March 25, 2021
The following quote is attributed to Patrizia Cavazzoni, M.D., Acting Director of the FDA's Center for Drug Evaluation and Research:
“Over-the-counter (OTC) drugs have long provided an efficient, low-cost way for Americans to manage everyday health needs, and they play an increasingly vital role in our health care system. The passage of the Coronavirus Aid, Relief, and Economic Security (CARES) Act in March 2020 established a user fee program to support the modernization, under the CARES Act, of how many OTC drugs are regulated by FDA, including changes that will facilitate innovation and make it easier for the FDA to respond to safety issues when they emerge. As we continue the agency’s efforts on this front, today we are republishing fee rates under this OTC Monograph Drug User Fee Program (OMUFA)— an important step in implementing the OTC monograph reform provisions under the CARES Act.
Following FDA's issuance of the initial OMUFA user fee notice, the FDA determined that certain hand sanitizer producers—those which registered with FDA during the COVID-19 Public Health Emergency (PHE) solely to produce hand sanitizer products during the COVID-19 PHE—would not be required to pay OMUFA facility fees. We appreciate and understand the concerns raised by these manufacturers, especially the small businesses that stepped up during the COVID-19 pandemic to help meet the increasing demand for alcohol-based hand sanitizers.
Hand sanitizer manufacturers not subject to the OMUFA facility fees are still subject to other applicable FDA requirements. The FDA will continue to use its regulatory compliance and enforcement tools to protect consumers, including from potentially dangerous or sub-potent hand sanitizers.
Due to this change in fee assessment, we acknowledge that firms subject to the OMUFA facility fees will see an increase in the fiscal year 2021 facility fees, compared to fees shown in the withdrawn fee notice. However, by supporting OTC monograph reform efforts, these fees will aid in improving the efficiency, timeliness, and predictability of the review process for OTC monograph drugs. Better pathways for innovation, helping ensure applicable quality standards are met, and the ability to rapidly address safety issues benefit all parties. The FDA remains committed to working with industry and stakeholders to ensure a smooth, transparent and productive implementation of this important public health program."
- Today, the U.S. Food and Drug Administration announced the fee rates under the Over-the-Counter (OTC) Monograph Drug user fee program for fiscal year (FY) 2021. The CARES Act, enacted in March 2020, amended the FD&C Act to direct FDA to assess and collect annual facility fees from owners of qualifying OTC monograph drug facilities (in addition to fees for OTC monograph order requests).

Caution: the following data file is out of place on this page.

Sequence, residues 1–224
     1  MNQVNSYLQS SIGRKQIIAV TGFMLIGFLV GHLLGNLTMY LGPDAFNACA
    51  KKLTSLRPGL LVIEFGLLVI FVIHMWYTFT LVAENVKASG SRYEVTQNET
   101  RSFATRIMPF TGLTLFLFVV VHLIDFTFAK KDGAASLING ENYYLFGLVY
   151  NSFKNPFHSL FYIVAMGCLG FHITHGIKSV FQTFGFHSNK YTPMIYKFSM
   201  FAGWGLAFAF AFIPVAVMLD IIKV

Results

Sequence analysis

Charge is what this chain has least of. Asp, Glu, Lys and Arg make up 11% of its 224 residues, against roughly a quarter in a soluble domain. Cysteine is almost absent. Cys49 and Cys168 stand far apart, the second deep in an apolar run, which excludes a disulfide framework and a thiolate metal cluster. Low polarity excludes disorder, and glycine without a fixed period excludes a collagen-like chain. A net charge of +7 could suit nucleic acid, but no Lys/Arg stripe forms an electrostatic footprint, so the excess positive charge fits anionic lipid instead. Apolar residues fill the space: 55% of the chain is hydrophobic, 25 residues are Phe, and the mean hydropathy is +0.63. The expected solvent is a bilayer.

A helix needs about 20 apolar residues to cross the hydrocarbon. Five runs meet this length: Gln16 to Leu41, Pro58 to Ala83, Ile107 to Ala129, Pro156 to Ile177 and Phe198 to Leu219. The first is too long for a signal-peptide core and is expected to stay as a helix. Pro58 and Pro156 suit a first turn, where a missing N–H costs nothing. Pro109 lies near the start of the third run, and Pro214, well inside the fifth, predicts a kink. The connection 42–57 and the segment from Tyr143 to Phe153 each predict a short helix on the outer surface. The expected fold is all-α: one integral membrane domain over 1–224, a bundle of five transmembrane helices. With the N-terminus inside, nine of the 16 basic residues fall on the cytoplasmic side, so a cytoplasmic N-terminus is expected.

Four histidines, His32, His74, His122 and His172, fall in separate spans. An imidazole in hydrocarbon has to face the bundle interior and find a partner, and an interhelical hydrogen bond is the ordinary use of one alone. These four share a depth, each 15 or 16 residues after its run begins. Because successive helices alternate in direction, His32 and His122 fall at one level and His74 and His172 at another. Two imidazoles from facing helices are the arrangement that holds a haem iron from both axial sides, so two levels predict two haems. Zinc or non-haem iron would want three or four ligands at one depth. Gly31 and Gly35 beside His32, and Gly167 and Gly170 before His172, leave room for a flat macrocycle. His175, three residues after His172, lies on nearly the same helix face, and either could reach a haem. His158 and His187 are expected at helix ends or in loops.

- The FDA first announced these fees in a Dec. 29, 2020, Federal Register Notice titled "Fee Rates Under the Over-the-Counter Monograph Drug User Fee Program for Fiscal Year 2021." The Dec. 29, 2020, Federal Register Notice has been withdrawn and is no longer valid, despite still being available on the Federal Register website. The Department of Health and Human Services (HHS) issued a new Federal Register Notice on Jan. 12, 2021, clarifying that “persons that entered into the over-the-counter drug industry for the first time in order to supply hand sanitizers during the COVID-19 Public Health Emergency are not persons subject to the facility fee the Secretary is authorized to collect under section 744M of the Food, Drug, and Cosmetic Act.”
- Accordingly, as stated in the Jan. 12, 2021, notice from HHS, the FDA will not assess facility fees on those companies that first entered the over-the-counter drug market on or after Jan. 27, 2020, solely to produce hand sanitizer products during the COVID-19 Public Health Emergency
The FDA, an agency within the U.S. Department of Health and Human Services, protects the public health by assuring the safety, effectiveness, and security of human and veterinary drugs, vaccines and other biological products for human use, and medical devices. The agency also is responsible for the safety and security of our nation’s food supply, cosmetics, dietary supplements, products that give off electronic radiation, and for regulating tobacco products.